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I am looking for a way to determine vehicle height measured from the side. The application is for a drive-through ATM, the sensors being mounted inside the ATM enclosure.

Some ATMs have a roof as well, in those cases the solution would be straightforward - ultrasonic sensor (emitter and detector) mounted in the roof, measuring distance to vehicle roof, and with a known distance to ground, the height could be calculated. But I need a solution that works in all cases.

I want to preferably avoid any detectors or emitters outside the ATM enclosure, such as an ultrasonic sensor on a pole sticking out the top of the ATM, or a detector on the far side.

One solution is to have an array of ultrasonic sensors arranged vertically inside the ATM enclosure. This will require experimenting with the spacing between sensors, and knowing the overlap in each sensor's 'field of view'.

The application is outdoors, with large temperature variations, which is why I looked at ultrasonic sensors first. I'd like to know if something else may work better in a cost-effective manner.

If someone one wants to see what a typical drive through ATM looks like:

Drive through ATM

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  • \$\begingroup\$ I don't have any answer for you besides going full-on with computer vision, but I am very curious, why do you want to do this? \$\endgroup\$ – Hearth Jan 29 at 17:04
  • \$\begingroup\$ Cash use is very common in the Middle East, so ATMs are used much more frequently there. Differing car heights, for eg. a large SUV vs. a low-lying sports car, means there is no single height that is comfortable for all users. This is an idea to increase ease of use. \$\endgroup\$ – Muaz Jan 29 at 17:10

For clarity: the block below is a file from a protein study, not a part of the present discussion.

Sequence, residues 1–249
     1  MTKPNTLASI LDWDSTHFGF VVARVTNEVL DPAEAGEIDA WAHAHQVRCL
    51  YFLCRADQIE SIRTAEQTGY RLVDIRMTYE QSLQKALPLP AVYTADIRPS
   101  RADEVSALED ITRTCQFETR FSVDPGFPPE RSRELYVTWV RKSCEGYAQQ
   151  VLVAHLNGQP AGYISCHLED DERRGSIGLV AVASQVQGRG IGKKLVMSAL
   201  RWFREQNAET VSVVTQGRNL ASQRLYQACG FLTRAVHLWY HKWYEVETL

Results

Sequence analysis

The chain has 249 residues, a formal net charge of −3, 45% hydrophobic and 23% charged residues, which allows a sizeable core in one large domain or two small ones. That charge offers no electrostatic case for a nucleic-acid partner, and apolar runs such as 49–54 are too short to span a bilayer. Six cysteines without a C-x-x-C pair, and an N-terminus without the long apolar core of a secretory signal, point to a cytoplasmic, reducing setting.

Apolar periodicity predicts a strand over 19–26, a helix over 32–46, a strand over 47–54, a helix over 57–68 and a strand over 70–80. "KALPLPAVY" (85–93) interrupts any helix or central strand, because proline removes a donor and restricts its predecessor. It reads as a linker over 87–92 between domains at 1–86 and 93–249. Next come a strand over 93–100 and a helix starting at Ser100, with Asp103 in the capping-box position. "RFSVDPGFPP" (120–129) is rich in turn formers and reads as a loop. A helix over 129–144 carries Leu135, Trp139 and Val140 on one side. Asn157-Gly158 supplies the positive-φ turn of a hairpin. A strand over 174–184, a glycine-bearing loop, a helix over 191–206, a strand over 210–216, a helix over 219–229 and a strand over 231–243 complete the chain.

• \$\begingroup\$ I understand why ATMs may be useful, I just don't see why you want to know the height of the vehicle. \$\endgroup\$ – Hearth Jan 29 at 17:11
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    \$\begingroup\$ In that case, you want to know the height of the window, not the roof! \$\endgroup\$ – Dave Tweed Jan 29 at 19:20
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    \$\begingroup\$ Imagine somebody with a low seat car drives through with a tall load on the roof... :) \$\endgroup\$ – Fredled Jan 29 at 21:13
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I would use only one or two ultrasonic sensors at different angles placed on the top of the ATM, two to get around with an open window on the driver side.

enter image description here

Use the fixed lower sensor to detect a vehicle presence , wait a bit to allow the vehicle to stop then move up the ATM if a proximity is detected by the top ultrasonic sensors or move down if not, until something changes then adjust the height according to your knowledge on vehicle height vs top roof height and stop.

A must is a manual control available at any level (parallel UP and DOWN switches at many levels) to allow the driver to adjust the height at a comfortable level.

You can make the machine learn from user input where to place the ATM for different top roof heights improving the automatic height adjustment in time combining the readings from the fixed sensor and top sensors and user input for similar previous values.

Don't do that without a driver available manual control, in case of a failure placing the ATM at an accessible level he will be in an funny impossible situation, he cannot open the door since is obstructed by the ATM.